Mapping startup hires Apple computer vision expert

SAN FRANCISCO (Reuters) - Mapillary, a Malmö, Sweden-based map technology startup, has hired a computer vision expert away from Apple Inc, the company said Wednesday.

Till Quack, who worked at Apple as an engineering manager overseeing augmented reality and self-driving efforts, will become Mapillary’s vice president of product, the company told Reuters. Quack had earlier worked at chipmaker Qualcomm Inc after selling a startup to the San Diego company in 2014.

Mapillary was founded after CEO Jan Erik Solem himself left Apple in 2013 after selling his facial recognition startup, Polar Rose, to the iPhone maker in 2010. Mapillary aims to solve one of the most expensive problems in mapping: keeping maps up to date with so-called “street level data” about street signs, addresses and other information that can be observed from the road.

The way big companies such as Alphabet Inc’s Google and Apple Inc solve the problem is by sending out fleets of vehicles outfitted with cameras and other sensors to gather images of the roads and keep maps updated.

Mapillary’s approach is to take software that can ingest pictures from nearly any kind of camera, such as a smart phone or a GoPro action camera, and use so-called “computer vision” technology to stitch that together into a three-dimensional map. The company provides that capability to mapping firms, such as HERE Technologies, the mapping firm owned by a consortium of German automakers.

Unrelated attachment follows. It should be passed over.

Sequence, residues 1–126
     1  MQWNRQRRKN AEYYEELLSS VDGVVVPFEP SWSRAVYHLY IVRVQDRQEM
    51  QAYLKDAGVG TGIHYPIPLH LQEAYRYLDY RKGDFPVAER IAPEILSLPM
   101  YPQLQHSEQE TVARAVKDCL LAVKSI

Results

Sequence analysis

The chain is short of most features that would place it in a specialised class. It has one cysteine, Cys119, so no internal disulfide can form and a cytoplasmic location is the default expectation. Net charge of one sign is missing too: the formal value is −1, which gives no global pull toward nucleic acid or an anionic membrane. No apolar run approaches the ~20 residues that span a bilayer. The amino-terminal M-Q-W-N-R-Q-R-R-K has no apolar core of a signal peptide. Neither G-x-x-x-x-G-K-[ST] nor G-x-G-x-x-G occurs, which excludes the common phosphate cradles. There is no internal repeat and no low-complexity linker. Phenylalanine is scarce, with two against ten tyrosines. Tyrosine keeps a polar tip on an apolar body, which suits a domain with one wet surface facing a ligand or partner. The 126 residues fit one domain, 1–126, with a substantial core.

Solem said Quack’s job will be in charge of helping the company’s customers keep their maps updated. The startup is already experimenting with using the comparatively low-resolution cameras that are built into many vehicles for features such as lane control to help update high-resolution maps.

“The main product that we build is the platform to convert imagery from anyone into map data we can publish for everyone,” Solem said.

Mapping is expected to be a key component of self-driving car technology. Startups such as Mapbox Civil Maps, DeepMap and Lvl5 working on such technology have raised more than $270 million in venture capital. For its part, Mapillary has raised $24.5 million from investors such as Sequoia Capital and BMW Group’s iVentures.

Reporting by Stephen Nellis; Editing by Shri Navaratnam